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Trump’s Philadelphia Eagles comments prove he’ll fight the culture war no matter what

The NFL gave the president what he wanted. He’s still fighting them. 

The Philadelphia Eagles are seen during the national anthem at the game against the Los Angeles Chargers at the StubHub Center on October 1, 2017 in Carson, California.  Sean M. Haffey/Getty Images

For months, President Trump has railed against the NFL, arguing that players who kneel during the national anthem to protest racial injustice and inequality are being unpatriotic and “disrespectful.”

He continued this attack Monday evening, announcing that the Philadelphia Eagles, the 2018 Super Bowl champions, had been disinvited from the White House. In a statement on Monday, the White House justified the decision by arguing that the team’s members “disagree with their president because he insists that they proudly stand for the national anthem.” On Tuesday, the White House added that because only a few players agreed to attend, “the vast majority of the Eagles team decided to abandon their fans.”

Trump further explained his reasoning on Twitter:

That players had backed out of the event was no surprise; several players including team safety Malcolm Jenkins and defensive end Chris Long had already said that they would not attend, pointing to Trump’s handling of racial issues like the white supremacist-led Charlottesville protests as justification for their decision.

But in recent days, the number of players backing out increased rapidly; according to the New York Times, fewer than 10 players planned to attend out of the more than 80 team members invited earlier this year.

To make things more confusing, as Vox’s Jane’s Coaston notes, although Trump pointed to the Eagles players’ involvement in the kneeling protest and supposed lack of patriotism as justification for his decision, players quickly noted that they did not kneel during the anthem at any point during last season.

Still, Trump’s announcement, and his moves to frame the issue as being about the national anthem and respect for the flag, fit a formula that Trump has repeatedly used over the past year. The president has proved remarkably adept at taking racial issues and turning them into full-blown culture wars.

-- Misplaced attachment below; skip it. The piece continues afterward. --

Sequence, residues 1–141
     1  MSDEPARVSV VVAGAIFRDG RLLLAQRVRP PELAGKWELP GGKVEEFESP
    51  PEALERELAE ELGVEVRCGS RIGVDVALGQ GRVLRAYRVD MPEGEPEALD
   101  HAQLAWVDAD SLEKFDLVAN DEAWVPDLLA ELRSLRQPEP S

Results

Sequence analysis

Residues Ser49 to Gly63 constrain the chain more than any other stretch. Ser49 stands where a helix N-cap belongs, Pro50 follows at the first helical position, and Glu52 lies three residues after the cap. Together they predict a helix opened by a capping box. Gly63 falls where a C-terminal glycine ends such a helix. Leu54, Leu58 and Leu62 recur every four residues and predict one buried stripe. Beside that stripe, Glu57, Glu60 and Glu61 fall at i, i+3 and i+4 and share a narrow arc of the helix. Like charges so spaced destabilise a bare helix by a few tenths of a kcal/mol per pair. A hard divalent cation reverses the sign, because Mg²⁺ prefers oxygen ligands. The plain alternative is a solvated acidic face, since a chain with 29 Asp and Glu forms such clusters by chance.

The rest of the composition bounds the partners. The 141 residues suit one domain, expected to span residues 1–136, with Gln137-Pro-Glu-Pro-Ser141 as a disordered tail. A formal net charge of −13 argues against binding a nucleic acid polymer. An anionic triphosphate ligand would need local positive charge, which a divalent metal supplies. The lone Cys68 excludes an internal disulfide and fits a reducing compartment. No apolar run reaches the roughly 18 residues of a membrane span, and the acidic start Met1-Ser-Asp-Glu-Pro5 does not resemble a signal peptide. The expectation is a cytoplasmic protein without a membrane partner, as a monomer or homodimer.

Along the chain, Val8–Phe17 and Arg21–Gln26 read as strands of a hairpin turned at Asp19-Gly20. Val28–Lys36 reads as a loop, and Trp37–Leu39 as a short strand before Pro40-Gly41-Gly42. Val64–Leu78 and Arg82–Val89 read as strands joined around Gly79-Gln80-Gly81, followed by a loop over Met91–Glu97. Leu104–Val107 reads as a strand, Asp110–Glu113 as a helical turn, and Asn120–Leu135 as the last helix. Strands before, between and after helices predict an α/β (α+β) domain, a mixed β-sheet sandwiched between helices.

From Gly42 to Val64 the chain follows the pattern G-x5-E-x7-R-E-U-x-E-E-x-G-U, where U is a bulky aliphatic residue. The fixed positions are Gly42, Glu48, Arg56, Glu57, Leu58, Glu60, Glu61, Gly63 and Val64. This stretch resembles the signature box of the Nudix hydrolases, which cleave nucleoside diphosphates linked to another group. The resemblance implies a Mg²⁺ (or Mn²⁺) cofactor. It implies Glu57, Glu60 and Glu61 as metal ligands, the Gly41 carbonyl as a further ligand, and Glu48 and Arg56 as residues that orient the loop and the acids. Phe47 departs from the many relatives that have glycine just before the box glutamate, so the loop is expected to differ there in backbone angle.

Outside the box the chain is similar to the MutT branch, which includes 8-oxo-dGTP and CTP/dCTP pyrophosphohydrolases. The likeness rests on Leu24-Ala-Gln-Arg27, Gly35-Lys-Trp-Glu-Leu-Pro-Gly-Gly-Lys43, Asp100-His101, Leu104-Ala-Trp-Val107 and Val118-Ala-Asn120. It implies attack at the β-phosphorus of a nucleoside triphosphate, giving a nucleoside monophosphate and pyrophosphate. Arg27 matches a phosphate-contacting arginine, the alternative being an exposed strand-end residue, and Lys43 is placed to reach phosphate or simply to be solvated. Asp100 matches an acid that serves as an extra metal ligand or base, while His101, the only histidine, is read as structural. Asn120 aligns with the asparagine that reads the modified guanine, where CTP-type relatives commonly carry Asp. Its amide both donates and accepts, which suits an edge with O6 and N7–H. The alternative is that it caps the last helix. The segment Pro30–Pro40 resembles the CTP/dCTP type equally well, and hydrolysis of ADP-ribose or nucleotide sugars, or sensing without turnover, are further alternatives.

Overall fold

He’s demonstrated time and time again that he doesn’t mind using the presidency as a bully pulpit, especially against high-profile black people critical of his administration’s policies.

With this latest Eagles brouhaha, the NFL is learning firsthand that any hopes of placating Trump are unlikely to succeed.

Trump got what he wanted, but he’s still calling for more

When then-San Francisco 49ers quarterback Colin Kaepernick sat during the national anthem at several preseason games in 2016, he said he was protesting police violence and America’s mistreatment of people of color. Trump responded by telling him to “find a country that works better for him.”

Trump drew even more attention to the protests last September when he called on NFL owners to fire protesting players and argued that kneeling protesters did not respect America or the flag.

In the months that followed, the president spoke repeatedly about the protests and shared his thoughts on Twitter, arguing that the protests were unpatriotic. As he did, the public conversation about the protests shifted from discussions of race and racism to the perceived patriotism or lack thereof of the players.

Over time, it became clear that NFL owners, even as fewer players took up kneeling, wanted the issue to go away. “You fellas need to ask your compadres, fellas, stop that other business, let’s go out and do something that really produces positive results, and we’ll help you,” Houston Texans owner Bob McNair said during an October 2017 meeting between NFL players and owners.

Eventually the owners succumbed to the pressure, moving to eliminate the issue entirely by announcing a new policy that requires all players on the field to stand during the anthem; those who do not wish to do so can remain in the locker room instead.

That also created problems. The NFL faced swift backlash from players angered that the league would attempt to control their actions, and the NFL Players Association said that it would review the rule. Trump, who initially praised the new policy, later argued that the league had not gone far enough because it allowed players to remain in the locker room.

More broadly, all of this just demonstrates that Trump admires the fight much more than the actual result.

A recent report from the Wall Street Journal noted that when Trump spoke with Dallas Cowboys owner Jerry Jones last year, he argued that he was “winning” by publicly railing against the NFL protests.

“This is a very winning, strong issue for me,” Trump said. “Tell everybody, you can’t win this one. This one lifts me.”

The new rules about the protests haven’t caused Trump to stop his attacks. Instead, he’s simply charged ahead, using his victory to push further. The NFL gave Trump exactly what he wanted — but it seems clear that he’s still not satisfied.

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